WASHINGTON — A high BMI, or body mass index, is one of the underlying health conditions that can qualify you for a vaccine in D.C., Virginia, and now in Maryland. With about 40% of U.S. adults considered obese, how exactly do we use BMI measurements and obesity as a health indicator when it comes to COVID-19?
The Q&A Team at WUSA9 went to two local experts to find out everything you might not know about BMI.
QUESTION: Is BMI a true measure of health?
ANSWER: Turns out, the BMI measurement — a simple calculation based on weight and height — leaves a lot to be desired.
“BMI is a little better than looking at just weight alone. Even still, it's only an estimate,” Dr. Scott Kahan, Director of the National Center for Weight and Wellness, said. “It's a proxy of body fat percentage, and even that is only a proxy of what their health risk is, secondary to the weight.”
The CDC also speaks to the uses and shortcomings of the measurement, describing it as “an inexpensive and easy screening method for weight,” where the resulting score indicates a person is in one of four categories: underweight, healthy weight, overweight, and obese.
“BMI does not measure body fat directly, but BMI is moderately correlated with more direct measures of body fat,” it reads. “Furthermore, BMI appears to be as strongly correlated with various metabolic and disease outcomes as are these more direct measures of body fatness.”
Q: What’s the back story of the BMI measurement and its creator?
A: The modern-day use of the BMI measurement comes along with a disturbing origin story and leaves lingering questions about how useful it is today.
Psychotherapist and Professor at George Washington University Paula Atkinson teaches courses about “the myths of the U.S.'s measures of health, thin idealism, and society's relentless oppression of large bodies.”
She considers BMI a “ridiculous” indicator of health.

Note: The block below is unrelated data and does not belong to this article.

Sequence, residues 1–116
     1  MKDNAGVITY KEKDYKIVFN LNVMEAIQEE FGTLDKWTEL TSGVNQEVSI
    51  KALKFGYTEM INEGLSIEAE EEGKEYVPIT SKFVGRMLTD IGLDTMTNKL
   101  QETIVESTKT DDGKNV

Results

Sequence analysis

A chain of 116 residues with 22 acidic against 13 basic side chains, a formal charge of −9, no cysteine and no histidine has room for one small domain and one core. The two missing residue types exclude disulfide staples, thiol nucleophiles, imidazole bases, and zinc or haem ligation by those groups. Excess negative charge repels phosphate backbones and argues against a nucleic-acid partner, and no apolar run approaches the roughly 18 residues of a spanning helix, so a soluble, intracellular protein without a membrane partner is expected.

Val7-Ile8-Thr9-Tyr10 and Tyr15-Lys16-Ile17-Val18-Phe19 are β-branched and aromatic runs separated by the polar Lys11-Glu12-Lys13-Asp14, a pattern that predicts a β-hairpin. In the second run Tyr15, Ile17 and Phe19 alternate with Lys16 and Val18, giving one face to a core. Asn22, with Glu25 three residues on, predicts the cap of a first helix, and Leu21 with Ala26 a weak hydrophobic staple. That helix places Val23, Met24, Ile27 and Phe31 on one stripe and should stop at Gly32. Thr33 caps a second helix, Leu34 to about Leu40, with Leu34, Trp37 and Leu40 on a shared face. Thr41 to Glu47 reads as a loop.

“It actually has an exceedingly racist history in that the guy who invented it did it to perform race science ... he was using the BMI to prove that thin white bodies are superior to larger brown bodies,” she explained. “It's a super racist, awful measure of health. And we're still using it.”
Atkinson referenced the Belgian mathematician, astronomer, sociologist and statistician Adolphe Quetelet, who first invented the BMI measurement nearly 200 years ago that is used today; originally known as the Quetelet Index until American physiologist Ancel Keys came up with the term Body Mass Index in 1972.
Quetelet's initial findings have since been associated with eugenics: a racist method of seeking to improve humanity that was used throughout history, such as in Nazi Germany and throughout American slavery.
Even in recent years, doctors, scientists and dietitians have expressed concerns over the shortcomings of BMI.
Q: So given that the measurement alone isn’t a one-size-fits-all health indicator, why should people with a high BMI still sign up to get the COVID-19 vaccine?
A: "We're not really talking about BMI, but rather we're talking about more broadly, whether meeting the clinical definition of obesity should be used as a condition that allows someone to have expedited access to the COVID vaccine," Dr. Kahan explained. "Everything that the studies show so far would support that."
Atkinson says it’s especially important since people with a higher BMI are often marginalized in our thin-centric society, even in health care.
“I like that most people who happen to be in these categories are saying, you know what, I don't get anything for living in a big body in this culture. I might as well go get the vaccine. And I think that's great."
On social media, many have spoken up to share their plans to go get the vaccine because of a high BMI, encouraging others to join them, and not let shame or stigma get in their way.
“I've seen a lot of people who are hesitant to take up a spot in getting a vaccine early, they feel like they've done this to themselves,” Dr. Kahan explained. “Although there is a volitional component, in terms of weight gain or weight loss, much of our body weights are outside of our direct control.”
Atkinson hopes people will keep that BMI number in perspective. “What we know is that your relationship with your body is the most important thing. If you suddenly think that now your body is inferior, you're not going to take good care of it. And that's the history of fatphobia,” she explained.
“Please, Oh, please, please, don't let it affect your self-esteem. Don't let it affect your relationship with your body.”